The dangers of online radical hate groups attracting teens and young people is, unfortunately, nothing new. Just last year, social media site 8chan made the news for being a potential haven for mass shooters. One hate group in particular, however, has made a big name for themselves in recent years. Known as “The Base,” this group is recruiting teens and young people online specifically to carry out violent terrorist attacks. Revolving around neo-Nazi beliefs, the group is led by an American whose stated purpose is to incite a worldwide race war.
Nazi Terrorists Recruiting Online?
The BBC has obtained covert recordings of interviews between senior members of The Base and prospective recruits. The outlet describes how founder Rinaldo Nazzaro, a 47-year-old from New Jersey, questions new recruits on their ideological beliefs, quizzing them on fascist reading material like Hitler’s Mein Kampf. Nazzaro and other senior members also ask about recruits’ familiarity with weaponry on the recordings.
These recordings are the latest development in a years-long effort to uncover the neo-Nazi group’s plans and activities. Nazarro, whom the BBC reports currently resides in St. Petersburg, Russia, debuted The Base in June of 2018. His stated aim was to galvanize “the movement” and “our people,” reports Vice. Going by the alias Norman Spear at the time, Nazarro spoke on the podcast The Roper Report about the group’s goals.
“When you really look at the landscape of the [white power] movement, the majority of it is happening online and that’s something that fundamentally needs to change,” Nazarro said. “[The Base] is focused on meeting and training… We want to build a cadre of trainers across the country.”
Preparing for Violence
The Base places a heavy emphasis on military training among its members. An application on the group’s former website specifically asked applicants to outline any military or engineering experience. While the group was interested in ex-military members, it also provided its own training on things like close-quarters combat and bomb-making, reports Vice.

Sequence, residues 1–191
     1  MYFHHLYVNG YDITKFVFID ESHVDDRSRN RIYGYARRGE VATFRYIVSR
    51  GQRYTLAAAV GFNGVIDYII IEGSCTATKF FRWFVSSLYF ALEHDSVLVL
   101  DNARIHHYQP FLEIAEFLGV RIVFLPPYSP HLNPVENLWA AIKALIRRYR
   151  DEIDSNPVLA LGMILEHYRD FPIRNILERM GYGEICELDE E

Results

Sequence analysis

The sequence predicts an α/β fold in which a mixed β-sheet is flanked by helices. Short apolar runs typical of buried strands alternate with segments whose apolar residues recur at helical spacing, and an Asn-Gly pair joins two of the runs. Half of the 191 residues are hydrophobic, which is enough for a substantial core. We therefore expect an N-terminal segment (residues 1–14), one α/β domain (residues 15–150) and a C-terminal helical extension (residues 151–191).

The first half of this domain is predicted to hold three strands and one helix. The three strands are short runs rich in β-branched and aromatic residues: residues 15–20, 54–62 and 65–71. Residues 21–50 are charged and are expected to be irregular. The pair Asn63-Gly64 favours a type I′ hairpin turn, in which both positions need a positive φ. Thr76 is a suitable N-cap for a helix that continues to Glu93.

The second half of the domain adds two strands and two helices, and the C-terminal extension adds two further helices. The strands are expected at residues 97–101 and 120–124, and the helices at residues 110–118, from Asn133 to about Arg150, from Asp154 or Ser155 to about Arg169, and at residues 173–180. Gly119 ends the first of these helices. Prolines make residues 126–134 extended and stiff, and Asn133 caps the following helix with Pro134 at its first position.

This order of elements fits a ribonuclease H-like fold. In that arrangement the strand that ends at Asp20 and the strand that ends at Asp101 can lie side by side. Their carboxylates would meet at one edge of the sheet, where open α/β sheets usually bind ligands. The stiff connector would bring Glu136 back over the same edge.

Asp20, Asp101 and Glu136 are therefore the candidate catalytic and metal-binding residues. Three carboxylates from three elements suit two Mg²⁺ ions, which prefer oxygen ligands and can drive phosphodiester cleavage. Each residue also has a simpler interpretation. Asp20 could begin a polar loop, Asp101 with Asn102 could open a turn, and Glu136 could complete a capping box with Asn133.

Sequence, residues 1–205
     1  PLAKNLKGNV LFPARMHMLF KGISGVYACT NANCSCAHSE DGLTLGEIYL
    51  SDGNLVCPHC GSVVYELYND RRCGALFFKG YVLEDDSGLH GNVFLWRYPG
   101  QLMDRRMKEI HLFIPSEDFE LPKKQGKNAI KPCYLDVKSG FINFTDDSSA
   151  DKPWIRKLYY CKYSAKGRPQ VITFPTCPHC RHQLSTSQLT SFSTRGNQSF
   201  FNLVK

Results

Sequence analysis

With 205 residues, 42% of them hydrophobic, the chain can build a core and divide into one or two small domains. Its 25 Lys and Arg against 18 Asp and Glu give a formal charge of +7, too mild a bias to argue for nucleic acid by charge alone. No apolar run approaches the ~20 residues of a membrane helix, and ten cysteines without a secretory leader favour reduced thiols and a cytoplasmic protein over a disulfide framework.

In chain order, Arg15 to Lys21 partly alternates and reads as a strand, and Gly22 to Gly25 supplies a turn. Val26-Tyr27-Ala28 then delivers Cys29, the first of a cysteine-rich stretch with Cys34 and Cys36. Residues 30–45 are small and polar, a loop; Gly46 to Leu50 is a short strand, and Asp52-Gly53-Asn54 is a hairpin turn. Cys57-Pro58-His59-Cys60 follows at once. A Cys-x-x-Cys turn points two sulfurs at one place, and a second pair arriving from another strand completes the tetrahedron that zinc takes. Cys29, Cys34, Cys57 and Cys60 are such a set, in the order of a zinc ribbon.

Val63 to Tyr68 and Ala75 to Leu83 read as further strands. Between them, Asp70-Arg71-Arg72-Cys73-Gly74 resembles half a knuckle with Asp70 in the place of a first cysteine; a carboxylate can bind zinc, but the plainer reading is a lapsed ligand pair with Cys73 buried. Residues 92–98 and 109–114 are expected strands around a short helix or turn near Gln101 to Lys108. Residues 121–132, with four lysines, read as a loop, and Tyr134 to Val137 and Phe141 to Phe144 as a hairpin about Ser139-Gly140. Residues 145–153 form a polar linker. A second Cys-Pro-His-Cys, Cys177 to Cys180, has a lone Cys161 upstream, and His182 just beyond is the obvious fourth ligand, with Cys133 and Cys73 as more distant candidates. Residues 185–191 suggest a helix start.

Heidi Beirich, director of the Southern Poverty Law Center’s (SPLC) Intelligence Project, described the group’s materials as “[encouraging] individuals toward the terroristic so-called ‘lone wolf’ or terror cell-oriented mentality.” She continued that The Base encourages followers to “prepare themselves to, in fact, become potential threats to public safety.”
In recruiting young members, Beirich said, the group makes use of memes and other aspects of online culture. At one point they shared recruitment material through an official Twitter account, which has since been shut down.
“Unlike the memes of the so-called ‘alt-right,’ propaganda like [The Base promotes] does not depend on popularity to be considered succesful; to be successful, this kind of propaganda only need to find its way to single hosts, or carriers, or bring together a small cell of individuals,” Beirich said. “The Base clearly hopes to capitalize on powerful social media platforms in order to spread this mindset — which is to say, this virus will only infect a small number of individuals, or carriers, but those carriers could manifest catastrophic violence.”
Corrupting Teens Worldwide
The recruitment tapes obtained by the BBC document Nazzaro speaking to several teenage recruits from around the world. He reportedly told one British teen that societal collapse was The Base’s “guiding philosophy.”
He told another that they aimed to create a “power vacuum that we can take advantage of.”
After interviewing one 17-year-old recruit, Nazarro spoke to another senior member about “shaping” the boy’s belief system, saying he “needs a little work ideologically,” but is “definitely headed in the right direction.”
Dr. Cassie Miller of the SPLC called the recordings a “highly unusual glimpse” into the world of neo-Nazi extremism. She noted that there was “no singular pathway to radicalization” since the recruits came from a variety of different backgrounds.
“I think the fact that a lot of these people are so utterly normal is in itself significant,” she told the BBC. “They didn’t possess some traits that predispose them to want to become a terrorist or to become attracted to extremist ideology. I think it’s really best to think of them as a reflection of a society that is deeply politically polarized.”
The outlet also pointed to ties between The Base and other neo-Nazi groups. These include Fascist Forge, a forum run by 25-year-old Matthew Baccari from California. Baccari has been a supporter of The Base online, and even appears on the interview tapes as a senior member.
Meanwhile, authorities linked the Fascist Forge forum to the case of an English 14-year-old who planned a terrorist attack last November. The unidentified boy, the youngest ever to be charged with terrorism in the UK, planned to attack synagogues near his hometown after writing on the forum that a race war was “inevitable.”